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Desmond Mac Carthy joined the paper in 1913 and became literary editor, recruiting Cyril Connolly to the staff in 1928.
J C Squire edited the magazine when Sharp was on wartime duties during the First World War.
The New Statesman is a British political and cultural magazine published in London.
Founded as a weekly review of politics and literature on 12 April 1913, it was connected then with Sidney and Beatrice Webb and other leading members of the socialist Fabian Society.
Its regular writers, critics and columnists include Mehdi Hasan, Will Self, John Gray, Laurie Penny, Ed Smith, Stephen Bush, Rowan Williams, Brendan Simms, John Bew, Shiraz Maher and Helen Lewis, the deputy editor.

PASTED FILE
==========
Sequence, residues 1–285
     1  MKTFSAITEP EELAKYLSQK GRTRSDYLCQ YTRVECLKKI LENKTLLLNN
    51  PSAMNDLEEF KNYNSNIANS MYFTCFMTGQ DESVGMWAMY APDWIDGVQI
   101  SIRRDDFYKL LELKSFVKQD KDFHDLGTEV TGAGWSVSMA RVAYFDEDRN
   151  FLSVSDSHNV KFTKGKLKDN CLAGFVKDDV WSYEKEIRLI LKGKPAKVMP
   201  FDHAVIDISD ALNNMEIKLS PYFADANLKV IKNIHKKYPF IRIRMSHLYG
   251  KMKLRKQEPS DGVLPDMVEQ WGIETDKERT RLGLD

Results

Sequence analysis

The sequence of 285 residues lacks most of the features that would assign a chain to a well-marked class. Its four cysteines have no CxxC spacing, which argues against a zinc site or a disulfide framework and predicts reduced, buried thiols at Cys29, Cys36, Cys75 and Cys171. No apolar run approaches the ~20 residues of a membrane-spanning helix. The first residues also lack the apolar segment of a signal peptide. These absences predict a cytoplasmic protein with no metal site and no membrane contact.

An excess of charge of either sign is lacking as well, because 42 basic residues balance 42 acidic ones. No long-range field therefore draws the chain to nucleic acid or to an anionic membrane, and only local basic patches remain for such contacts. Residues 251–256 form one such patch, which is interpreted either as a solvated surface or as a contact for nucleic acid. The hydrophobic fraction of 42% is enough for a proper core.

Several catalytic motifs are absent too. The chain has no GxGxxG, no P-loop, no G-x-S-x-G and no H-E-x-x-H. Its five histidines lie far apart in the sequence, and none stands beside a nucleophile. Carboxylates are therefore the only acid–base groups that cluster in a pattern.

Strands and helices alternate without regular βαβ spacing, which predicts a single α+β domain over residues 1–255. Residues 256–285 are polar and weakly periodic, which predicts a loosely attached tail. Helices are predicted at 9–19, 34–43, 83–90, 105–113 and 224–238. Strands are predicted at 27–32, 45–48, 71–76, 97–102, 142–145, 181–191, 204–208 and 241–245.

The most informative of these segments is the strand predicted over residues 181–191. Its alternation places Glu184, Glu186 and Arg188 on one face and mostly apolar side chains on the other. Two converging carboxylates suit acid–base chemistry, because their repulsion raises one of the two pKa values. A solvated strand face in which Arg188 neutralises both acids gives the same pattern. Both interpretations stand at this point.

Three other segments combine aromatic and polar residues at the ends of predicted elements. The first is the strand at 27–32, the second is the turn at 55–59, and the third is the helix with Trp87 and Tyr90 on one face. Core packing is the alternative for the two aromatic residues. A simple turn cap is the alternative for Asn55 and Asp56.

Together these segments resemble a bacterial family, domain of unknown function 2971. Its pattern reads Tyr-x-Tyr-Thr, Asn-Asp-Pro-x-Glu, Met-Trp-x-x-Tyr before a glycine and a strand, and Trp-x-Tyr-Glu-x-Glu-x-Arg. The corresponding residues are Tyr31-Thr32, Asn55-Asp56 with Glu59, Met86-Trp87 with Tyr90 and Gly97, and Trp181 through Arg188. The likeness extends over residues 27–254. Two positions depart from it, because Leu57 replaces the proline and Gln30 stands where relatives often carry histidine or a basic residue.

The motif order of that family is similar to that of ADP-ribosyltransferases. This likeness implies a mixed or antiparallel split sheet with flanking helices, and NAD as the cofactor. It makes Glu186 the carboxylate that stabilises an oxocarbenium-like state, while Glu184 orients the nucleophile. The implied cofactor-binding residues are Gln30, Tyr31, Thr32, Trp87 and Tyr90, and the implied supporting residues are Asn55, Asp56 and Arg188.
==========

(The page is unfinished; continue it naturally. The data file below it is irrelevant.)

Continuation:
Circulation peaked in the mid-1960s Its first editor was Clifford Sharp, who remained editor until 1928.
In 1932, Keynes reviewed Martin's book on the Soviet Union, Low's Russian Sketchbook.
It became strongly anti-fascist and pacifist, opposing British rearmament.
After the 1938 Anschluss, Martin wrote: "Today if Mr.
In November 1914, three months after the beginning of the First World War, the New Statesmen published a lengthy anti-war supplement by George Bernard Shaw, "Common Sense About The War", a scathing dissection of its causes, which castigated all nations involved but particularly savaged the British.
It sold a phenomenal 75,000 copies by the end of the year and created an international sensation.